But seriously people, I'm flipping exhausted! I realized the other day I'm finally really ok with my weight and I think I finally got there recently due to all the sprinting, adrenaline rushes, and panic when I look up 15 seconds later after telling Ashe no it's NOT ok to slide down a slide head first, only to see Soren trotting off on some new adventure, preferably as close to the play ground parking lot as possible. Or the woods. Or underneath the swings. And when he hears me running behind him, he turns to give me this impish grin, cackles maniacally, then books it with a burst of speed that would make Super Man jealous.

I was recently at a park with all 3 boys and noted that going to the park with multiple children is like watching an intense ping pong game, mixed with 50 yard dashes thrown in every 30 seconds. I think I may consider signing up for the next summer Olympics. Florence Griffith Joyner, you've got nothing on me. I'll meet you on the playground, anytime.

Friday, October 1, 2010

Halloween Memories

Yay!!! It's October, my favorite month of the year! The air gets cooler and crisp, and that smokey crunchy leave smell starts to waft through the breeze. But most importantly October means Halloween, my favorite holiday of the year!

 Halloween is awesome. I mean seriously, what other time of the year do you get to dress up anyway you want and get away with it? And let's not forget candy. How amazing is it that one night a year you get to dress up in crazy fun clothes and then get paid to do it with candy???? Yeah yeah, candy is for the kids. But in our house, we have whats called a candy tax. If I take the time to take my kids out at night I feel that it is only fair that I get a little treat too. The candy tax is determined by hold old the child is and how much work I have to do for them. If Im holding their bags or light sabers or masks from house to house, I get more candy. It's simple, fair, and my kids have never known anything different. It's pure genius (I think so at least). Everyone is happy!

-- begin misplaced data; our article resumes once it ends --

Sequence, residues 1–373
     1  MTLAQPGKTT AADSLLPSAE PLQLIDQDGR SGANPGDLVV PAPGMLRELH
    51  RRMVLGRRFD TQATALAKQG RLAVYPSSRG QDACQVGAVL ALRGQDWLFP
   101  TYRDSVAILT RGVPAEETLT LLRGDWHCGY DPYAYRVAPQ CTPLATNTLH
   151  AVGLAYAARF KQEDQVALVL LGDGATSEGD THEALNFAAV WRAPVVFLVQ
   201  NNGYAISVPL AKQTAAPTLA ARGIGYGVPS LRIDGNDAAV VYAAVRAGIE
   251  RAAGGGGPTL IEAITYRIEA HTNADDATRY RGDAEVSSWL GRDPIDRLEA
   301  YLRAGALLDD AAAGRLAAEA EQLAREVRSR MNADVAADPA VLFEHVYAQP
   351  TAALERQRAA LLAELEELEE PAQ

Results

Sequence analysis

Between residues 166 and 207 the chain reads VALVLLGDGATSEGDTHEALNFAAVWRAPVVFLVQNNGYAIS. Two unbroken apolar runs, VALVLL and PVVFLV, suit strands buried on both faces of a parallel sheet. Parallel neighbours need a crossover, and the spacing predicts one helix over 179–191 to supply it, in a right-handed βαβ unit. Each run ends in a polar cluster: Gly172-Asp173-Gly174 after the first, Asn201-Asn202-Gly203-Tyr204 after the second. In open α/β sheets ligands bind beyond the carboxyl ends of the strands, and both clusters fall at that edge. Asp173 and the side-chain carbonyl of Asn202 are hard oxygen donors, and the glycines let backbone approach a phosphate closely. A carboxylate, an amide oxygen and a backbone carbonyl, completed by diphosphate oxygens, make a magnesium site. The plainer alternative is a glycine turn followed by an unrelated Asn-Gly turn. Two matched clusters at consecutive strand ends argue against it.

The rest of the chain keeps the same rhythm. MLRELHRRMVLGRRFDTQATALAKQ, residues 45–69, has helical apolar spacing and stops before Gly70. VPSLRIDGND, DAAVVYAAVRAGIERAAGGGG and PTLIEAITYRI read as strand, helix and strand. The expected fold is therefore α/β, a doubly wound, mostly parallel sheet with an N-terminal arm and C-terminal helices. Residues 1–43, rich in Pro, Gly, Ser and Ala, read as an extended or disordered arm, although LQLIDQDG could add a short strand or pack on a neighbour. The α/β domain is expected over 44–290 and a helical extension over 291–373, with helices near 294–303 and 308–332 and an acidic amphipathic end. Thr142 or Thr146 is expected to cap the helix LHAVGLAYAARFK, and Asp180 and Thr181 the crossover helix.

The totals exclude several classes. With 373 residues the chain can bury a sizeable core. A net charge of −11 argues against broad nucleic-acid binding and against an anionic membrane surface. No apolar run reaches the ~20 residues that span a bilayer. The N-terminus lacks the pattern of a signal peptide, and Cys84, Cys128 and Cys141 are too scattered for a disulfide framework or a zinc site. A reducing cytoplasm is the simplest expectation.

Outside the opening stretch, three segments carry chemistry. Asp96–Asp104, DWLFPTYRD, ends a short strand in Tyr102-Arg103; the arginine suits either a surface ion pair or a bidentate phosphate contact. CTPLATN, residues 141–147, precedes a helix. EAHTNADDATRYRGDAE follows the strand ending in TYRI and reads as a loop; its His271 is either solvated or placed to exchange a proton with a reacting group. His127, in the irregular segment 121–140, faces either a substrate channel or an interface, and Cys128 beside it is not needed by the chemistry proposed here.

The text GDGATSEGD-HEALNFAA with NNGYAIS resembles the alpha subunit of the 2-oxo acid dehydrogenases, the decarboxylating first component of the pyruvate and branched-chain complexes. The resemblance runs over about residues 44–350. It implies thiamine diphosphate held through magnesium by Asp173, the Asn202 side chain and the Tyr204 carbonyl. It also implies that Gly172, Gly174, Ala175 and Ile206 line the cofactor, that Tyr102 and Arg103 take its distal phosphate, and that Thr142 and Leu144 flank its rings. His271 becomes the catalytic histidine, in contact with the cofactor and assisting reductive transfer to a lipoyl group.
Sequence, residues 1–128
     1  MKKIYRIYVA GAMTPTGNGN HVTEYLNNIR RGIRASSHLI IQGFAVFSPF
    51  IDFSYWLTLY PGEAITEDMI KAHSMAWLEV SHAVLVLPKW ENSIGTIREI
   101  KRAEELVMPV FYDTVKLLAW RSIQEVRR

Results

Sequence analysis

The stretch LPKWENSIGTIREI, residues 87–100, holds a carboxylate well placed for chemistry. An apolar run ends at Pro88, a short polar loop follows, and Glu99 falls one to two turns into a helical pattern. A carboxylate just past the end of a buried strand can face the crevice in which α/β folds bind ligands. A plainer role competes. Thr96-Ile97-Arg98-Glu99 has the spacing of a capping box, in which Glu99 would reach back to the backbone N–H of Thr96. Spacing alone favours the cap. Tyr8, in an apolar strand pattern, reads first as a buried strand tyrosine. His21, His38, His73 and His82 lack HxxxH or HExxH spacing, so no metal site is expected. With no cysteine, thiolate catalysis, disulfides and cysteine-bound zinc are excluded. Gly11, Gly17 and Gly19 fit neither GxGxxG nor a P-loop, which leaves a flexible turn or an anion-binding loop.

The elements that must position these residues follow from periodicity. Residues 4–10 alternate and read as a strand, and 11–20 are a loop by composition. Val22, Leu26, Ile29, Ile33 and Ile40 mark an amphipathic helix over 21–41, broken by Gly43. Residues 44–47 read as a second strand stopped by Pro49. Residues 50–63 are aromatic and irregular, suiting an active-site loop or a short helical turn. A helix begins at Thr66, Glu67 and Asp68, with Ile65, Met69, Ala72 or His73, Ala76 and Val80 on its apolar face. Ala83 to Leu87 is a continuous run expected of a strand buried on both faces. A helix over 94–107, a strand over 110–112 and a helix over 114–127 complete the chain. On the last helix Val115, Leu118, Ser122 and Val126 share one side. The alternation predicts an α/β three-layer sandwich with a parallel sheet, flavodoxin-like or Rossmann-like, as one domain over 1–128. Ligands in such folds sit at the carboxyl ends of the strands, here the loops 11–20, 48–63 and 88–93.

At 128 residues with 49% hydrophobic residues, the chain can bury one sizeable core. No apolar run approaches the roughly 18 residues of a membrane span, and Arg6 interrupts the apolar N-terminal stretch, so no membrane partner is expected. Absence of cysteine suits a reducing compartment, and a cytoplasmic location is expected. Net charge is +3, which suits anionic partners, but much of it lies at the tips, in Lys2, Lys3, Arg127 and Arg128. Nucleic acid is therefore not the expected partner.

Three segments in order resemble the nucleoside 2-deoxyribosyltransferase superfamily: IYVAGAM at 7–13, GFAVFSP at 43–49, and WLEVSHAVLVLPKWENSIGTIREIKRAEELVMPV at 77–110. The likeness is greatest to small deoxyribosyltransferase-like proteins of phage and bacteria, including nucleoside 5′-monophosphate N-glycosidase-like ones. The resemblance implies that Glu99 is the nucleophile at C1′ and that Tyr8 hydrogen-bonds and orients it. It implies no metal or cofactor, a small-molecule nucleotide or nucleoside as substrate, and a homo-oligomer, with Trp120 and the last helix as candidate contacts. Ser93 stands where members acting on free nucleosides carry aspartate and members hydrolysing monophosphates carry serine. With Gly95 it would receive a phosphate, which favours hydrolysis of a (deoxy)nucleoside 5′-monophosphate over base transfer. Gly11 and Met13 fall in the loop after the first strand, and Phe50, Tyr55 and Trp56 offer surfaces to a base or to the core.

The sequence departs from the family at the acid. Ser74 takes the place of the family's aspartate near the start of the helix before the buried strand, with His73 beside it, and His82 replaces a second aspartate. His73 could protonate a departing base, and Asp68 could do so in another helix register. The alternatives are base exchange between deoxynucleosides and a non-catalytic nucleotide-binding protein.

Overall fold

One thing I noticed about myself though, is that over the past few years I've held back on dressing up. A part of that is due to having more kids to wrangle into their costumes and its just easier to throw something together that's not exactly what I would really want. Another reason is that J is not the dress up type and I feel odd being the only adult in full regalia. But this year I got to thinking about how much I love dressing in costumes, and my kids are still young enough to not be embarrassed by me. In fact, Ashe pleaded with me to be Robin this year as he has a Batman costume. And I realize that wont be the case for much longer. But the memeories of childhood Halloween last forever.

My favorite memory as a kid, was probably the reason why I love Halloween as much as I do now. When I was growing up we lived in a small town on a farm and our closest neighbors were at least a half mile away. It made for poor trick or treating. However one year my mom got this great idea to make it easier for us kids. She decided that we would use my pony as transportation. I wanted to be a Princess for halloween, and my mom and I decided to transform my pony into a unicorn. We made a horn and got nontoxic wash out pink hair dye spray which we sprayed on my ponys mane and tail. She was beautiful and fit for a princess.

Riding my "Unicorn" down the dark streets with my mom nearby, stopping to get candy was just awesome. And after Halloween, we tried washing out the hair dye on my pony but it wouldnt come out. So my poor pony had hot pink hair for about a month until it faded. The cars driving by our corral would stop often and people would stare. I still giggle when I think of that. It eventually faded with no ill effect.

And now as an adult I think about that memory and kind of wish my kids had a pony to have a memory like that. But since we don't (and won't) I think it's time to grow up a bit and do what I can to make my kids have an awesome Halloween. I want them to love it as much as I do so that when they have kids of their own they'll say to their wives "Man, my favorite holiday is halloween. I remember this one time, my mom was cool enough to dress up as Robin when I was Batman. It was so awesome!" If I can pass on that love of fun, and the knowledge that Halloween is for all, not just kids, I'll feel like I passed on an important lesson. Life can be fun/ you just have to take advantage of it. And have a candy tax!